"What we do in the next 20 years will determine the future for all life on Earth," Sir David Attenborough said in a recent documentary, “Our Planet.” It’s a call to action for a resolute effort to make Earth a healthy and sustainable environmental ecosystem once again. While arresting ever-growing industrialization is difficult, technology offers a path forward: The rapid maturity of distributed ledger technology, artificial intelligence, extended reality and quantum computing (“DARQ technologies”) provide a unique opportunity to leverage their combined power toward breakthrough innovations for environmental sustainability.
Earth is a tremendously complex system with interdependent environmental, social and economic facets. It’s not always obvious or easy to follow the full chain of impact of a specific action: For example, over-fishing of tuna not only adversely affects the marine ecosystem, it also reduces the availability of a primary form of protein to vast populations, and impacts the economic security of millions of fishermen. This is just one example among billions of interconnected threads in the ecosystem we experience as “Earth” every day. Now, with an eye toward sustainability, imagine applying technological innovations to model and monitor them all.
Ultimately, we’re talking about building a “digital twin” of the Earth itself! Digital twins are digital representations of physical objects, including their various attributes and relationships with other physical objects. These “twins” enable monitoring, analysis and simulation of the physical world. In creating a “digital earth” by digitizing different environmental, bio-diversity and ecological characteristics of our planet, we can lay the groundwork for future environmental sustainability innovations. Think back to our concerns about the over-fishing of tuna: Creating a digital twin of the tuna supply chain and applying distributed ledger technology to it has both the potential to increase transparency around tuna-fishing practices and make it easier to ensure that all participants are complying with regulations.
At Accenture Labs, we work closely with experts in environmental sustainability to pair the concept of a digital twin of the Earth with DARQ technologies. Combined, these innovations can be applied to address a multitude of environmental concerns. Our collaborative work targets critical issues like bio-diversity protection, human-wildlife conflict, regulatory compliance, and education and awareness.
In collaboration with Professor Mauro Rebelo of the Federal University of Rio De Janeiro, we’ve explored a blockchain solution to address such challenges in a deeply complex environment: the Amazon river ecosystem.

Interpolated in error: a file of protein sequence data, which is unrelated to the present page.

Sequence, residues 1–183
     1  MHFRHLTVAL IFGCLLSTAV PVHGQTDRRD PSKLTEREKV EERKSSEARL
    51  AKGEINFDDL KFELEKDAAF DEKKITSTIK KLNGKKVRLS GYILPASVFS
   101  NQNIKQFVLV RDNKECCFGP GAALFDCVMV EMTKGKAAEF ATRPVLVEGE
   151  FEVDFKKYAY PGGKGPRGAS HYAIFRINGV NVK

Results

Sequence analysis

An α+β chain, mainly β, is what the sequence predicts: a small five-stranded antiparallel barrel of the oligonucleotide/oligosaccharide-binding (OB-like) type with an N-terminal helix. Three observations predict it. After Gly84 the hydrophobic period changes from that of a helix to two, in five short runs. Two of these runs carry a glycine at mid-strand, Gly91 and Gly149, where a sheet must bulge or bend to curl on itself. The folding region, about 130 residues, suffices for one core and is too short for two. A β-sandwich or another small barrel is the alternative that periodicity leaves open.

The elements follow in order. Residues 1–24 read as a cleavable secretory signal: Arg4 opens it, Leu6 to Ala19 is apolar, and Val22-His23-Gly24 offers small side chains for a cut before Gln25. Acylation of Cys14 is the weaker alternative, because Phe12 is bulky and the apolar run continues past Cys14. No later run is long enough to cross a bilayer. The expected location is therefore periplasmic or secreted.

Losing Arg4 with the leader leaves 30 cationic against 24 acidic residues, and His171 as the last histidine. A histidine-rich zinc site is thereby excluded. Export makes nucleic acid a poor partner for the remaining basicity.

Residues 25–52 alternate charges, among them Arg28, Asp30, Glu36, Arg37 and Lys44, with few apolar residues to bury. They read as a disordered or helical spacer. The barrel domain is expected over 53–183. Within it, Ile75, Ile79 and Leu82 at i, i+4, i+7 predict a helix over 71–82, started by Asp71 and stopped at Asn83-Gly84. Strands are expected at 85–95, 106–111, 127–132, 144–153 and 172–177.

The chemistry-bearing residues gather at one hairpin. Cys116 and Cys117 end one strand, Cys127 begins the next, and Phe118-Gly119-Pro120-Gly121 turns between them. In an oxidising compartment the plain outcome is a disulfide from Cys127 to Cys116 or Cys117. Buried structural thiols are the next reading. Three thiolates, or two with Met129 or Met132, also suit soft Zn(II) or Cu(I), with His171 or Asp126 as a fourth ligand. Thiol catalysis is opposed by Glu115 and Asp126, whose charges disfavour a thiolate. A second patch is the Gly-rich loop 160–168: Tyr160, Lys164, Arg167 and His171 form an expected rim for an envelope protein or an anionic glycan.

The Amazon is the treasure trove of Earth’s biodiversity, teeming with plants and organisms that have beneficial medicinal properties. Local indigenous populations have made many of these discoveries and passed the knowledge down over generations; some of this knowledge has been successfully commercialized by large pharmaceutical companies, but with little benefit to the indigenous people who have long been custodians of the knowledge underlying their products. We’ve developed a proof of concept that addresses this imbalance, using distributed ledger technology to power a decentralized marketplace for fostering what we call “frictionless biodiversity.”
This solution, based on our research in regulatory technology, artificial intelligence, and distributed ledgers, offers immutable traceability of the life cycle of knowledge related to Amazon biodiversity, from the indigenous populations to academic and commercial research institutes and pharmaceutical companies. It facilitates open collaboration between different participants, ensuring that the value from the knowledge reaches all stakeholders—while being regulatory—aware and compliant and balancing sustainability concerns.
Moving from the jungles and waterways to the air, we also partnered with the Bombay Natural History Society (BNHS) to create the "Internet of Birds," a unique artificial intelligence-based solution for correctly identifying types of birds from images. Often, the first step in a conservation effort is to correctly identify the current prevalence of a species in a region of interest. Accenture Labs and BNHS realized that while many volunteers enthusiastically join bird conservation efforts, their ability to correctly identify a given bird is limited. The Internet of Birds is a platform to help volunteers and conservationists identify different birds through the power of deep learning. It applies best-in-class image recognition models, transfer learning and robust data from BNHS to identify more than 430 Indian bird species, turning even the novice bird watcher into an expert!
This crowd-sourced digital representation of bird population—in fact, a precursor to a digital twin of the bird populations in India—is valuable to policy makers in forming conservation policies.
We’re continuing to explore ways to use DARQ in building solutions that support a sustainable, healthy Earth for everyone: technology-driven solutions for environmental regulatory compliance, identifying unique Gibbons based on their vocal characteristics and even more projects. Watch this space to keep up with our Digital Earth efforts or get in touch for more information!
To learn more about our “Digital Earth” efforts, contact Sanjay Podder.